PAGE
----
Common markers for diagnosis and assessment of viral hepatitis
|Marker||Clinical interpretation for a positive result|
|Anti-HAV||Past or present infection with hepatitis A virus (HAV) or vaccination against HAV|
|HBsAg||Presence of hepatitis B virus infection|
|HBeAg||Active replication of hepatitis B virus in an infected person; Marker of high infectivity|
|Anti-HBs||Protection from hepatitis B virus infection acquired by recovery from infection or vaccination|
|Anti-HBe||Low replication of hepatitis B virus (HBV) in an infected person if viral load is low;|
Infection with HBV variants if viral load is high
|Anti-HBc||Previous or ongoing natural infection with hepatitis B virus|
|Anti-HCV||Active or past hepatitis C virus infection|
|Anti-HDV||Acute or chronic infection with hepatitis D virus|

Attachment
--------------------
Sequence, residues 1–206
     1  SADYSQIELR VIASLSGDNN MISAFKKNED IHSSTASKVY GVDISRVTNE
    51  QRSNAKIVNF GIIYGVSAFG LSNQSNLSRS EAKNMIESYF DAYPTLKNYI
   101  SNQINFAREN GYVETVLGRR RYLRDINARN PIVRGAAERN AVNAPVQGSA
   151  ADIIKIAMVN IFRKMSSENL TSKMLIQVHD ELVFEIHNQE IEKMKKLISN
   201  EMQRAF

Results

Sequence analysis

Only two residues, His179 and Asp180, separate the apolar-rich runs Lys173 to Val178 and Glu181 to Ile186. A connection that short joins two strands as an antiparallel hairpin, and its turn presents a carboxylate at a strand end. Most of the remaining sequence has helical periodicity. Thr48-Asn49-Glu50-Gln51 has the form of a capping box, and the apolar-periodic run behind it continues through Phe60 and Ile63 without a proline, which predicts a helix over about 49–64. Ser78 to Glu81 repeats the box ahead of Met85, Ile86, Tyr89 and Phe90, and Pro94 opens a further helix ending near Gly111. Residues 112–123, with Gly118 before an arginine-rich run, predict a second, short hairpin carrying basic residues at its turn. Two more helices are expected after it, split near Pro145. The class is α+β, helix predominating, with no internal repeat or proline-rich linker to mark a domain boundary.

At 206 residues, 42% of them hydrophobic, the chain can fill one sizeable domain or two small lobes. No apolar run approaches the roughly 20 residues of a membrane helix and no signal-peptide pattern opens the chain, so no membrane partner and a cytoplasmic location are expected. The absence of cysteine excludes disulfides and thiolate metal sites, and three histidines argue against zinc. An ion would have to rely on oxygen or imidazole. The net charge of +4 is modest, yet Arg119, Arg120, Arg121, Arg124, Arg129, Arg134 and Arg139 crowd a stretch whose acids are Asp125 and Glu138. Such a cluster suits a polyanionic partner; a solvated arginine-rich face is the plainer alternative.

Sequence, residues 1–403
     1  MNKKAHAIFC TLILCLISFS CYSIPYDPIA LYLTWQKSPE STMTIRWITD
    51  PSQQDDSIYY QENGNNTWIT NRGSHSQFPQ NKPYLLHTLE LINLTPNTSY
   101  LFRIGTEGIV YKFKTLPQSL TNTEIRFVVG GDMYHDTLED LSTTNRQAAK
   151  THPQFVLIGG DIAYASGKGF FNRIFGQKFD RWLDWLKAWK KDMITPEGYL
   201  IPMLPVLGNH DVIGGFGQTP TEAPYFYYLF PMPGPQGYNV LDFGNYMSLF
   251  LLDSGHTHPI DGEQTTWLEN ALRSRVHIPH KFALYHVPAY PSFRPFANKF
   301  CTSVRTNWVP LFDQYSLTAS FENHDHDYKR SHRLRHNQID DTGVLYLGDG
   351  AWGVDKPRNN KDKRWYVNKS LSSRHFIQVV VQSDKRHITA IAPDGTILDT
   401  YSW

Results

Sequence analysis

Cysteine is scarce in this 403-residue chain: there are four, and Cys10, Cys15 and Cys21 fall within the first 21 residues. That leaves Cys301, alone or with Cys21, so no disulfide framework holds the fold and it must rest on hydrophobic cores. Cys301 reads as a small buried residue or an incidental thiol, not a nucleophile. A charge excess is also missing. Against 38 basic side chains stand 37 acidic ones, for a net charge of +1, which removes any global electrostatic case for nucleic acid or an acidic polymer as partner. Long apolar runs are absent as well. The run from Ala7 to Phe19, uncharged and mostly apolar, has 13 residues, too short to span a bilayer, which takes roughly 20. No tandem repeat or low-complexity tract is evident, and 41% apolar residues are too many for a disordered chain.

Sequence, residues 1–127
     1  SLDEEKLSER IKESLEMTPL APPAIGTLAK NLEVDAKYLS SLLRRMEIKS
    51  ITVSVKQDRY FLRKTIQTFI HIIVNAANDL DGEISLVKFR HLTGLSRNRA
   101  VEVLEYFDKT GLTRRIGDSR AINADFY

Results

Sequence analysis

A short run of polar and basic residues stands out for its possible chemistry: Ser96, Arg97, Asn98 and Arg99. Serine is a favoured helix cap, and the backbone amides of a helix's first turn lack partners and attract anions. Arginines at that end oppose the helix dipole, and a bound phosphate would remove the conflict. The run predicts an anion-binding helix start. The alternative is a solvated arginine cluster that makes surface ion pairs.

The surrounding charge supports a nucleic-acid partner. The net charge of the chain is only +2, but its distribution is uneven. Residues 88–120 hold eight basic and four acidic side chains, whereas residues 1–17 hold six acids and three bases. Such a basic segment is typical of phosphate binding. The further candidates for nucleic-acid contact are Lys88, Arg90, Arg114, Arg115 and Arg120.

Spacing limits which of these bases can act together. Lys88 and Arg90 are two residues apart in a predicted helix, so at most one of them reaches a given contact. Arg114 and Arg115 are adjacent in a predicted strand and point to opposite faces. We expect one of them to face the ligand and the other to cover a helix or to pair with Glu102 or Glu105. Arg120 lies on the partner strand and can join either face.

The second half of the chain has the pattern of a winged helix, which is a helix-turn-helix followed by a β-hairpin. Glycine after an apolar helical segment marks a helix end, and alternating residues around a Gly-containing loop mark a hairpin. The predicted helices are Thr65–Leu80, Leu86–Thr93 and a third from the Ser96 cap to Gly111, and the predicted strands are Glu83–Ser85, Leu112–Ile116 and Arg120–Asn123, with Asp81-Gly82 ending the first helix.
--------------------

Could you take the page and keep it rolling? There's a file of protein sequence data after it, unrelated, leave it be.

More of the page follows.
|Anti-HEV||Past or present infection with hepatitis E virus|
To diagnose hepatitis virus infection, a test for virus and immunity markers is normally performed on a blood sample, which can be collected by venepuncture or fingerstick.
- Venepuncture sampling
Venepuncture is a common way to collect blood from adults. Blood collection usually takes place from a superficial vein in the upper limb. The venepuncture procedure is performed by medical professionals or trained phlebotomists.
- Fingerstick sampling
Fingerstick sampling involves taking a small amount of blood from the end of a finger by using a lancet. Blood can be collected into a microtube or spotted onto a filter paper card to air-dry before testing. This approach is much simpler than the venepuncture procedure and the collection of blood specimens can be self-administrated under clear instructions. Owing to its simplicity and minimal invasiveness, dried blood spot samples have been used for screening some common infectious diseases.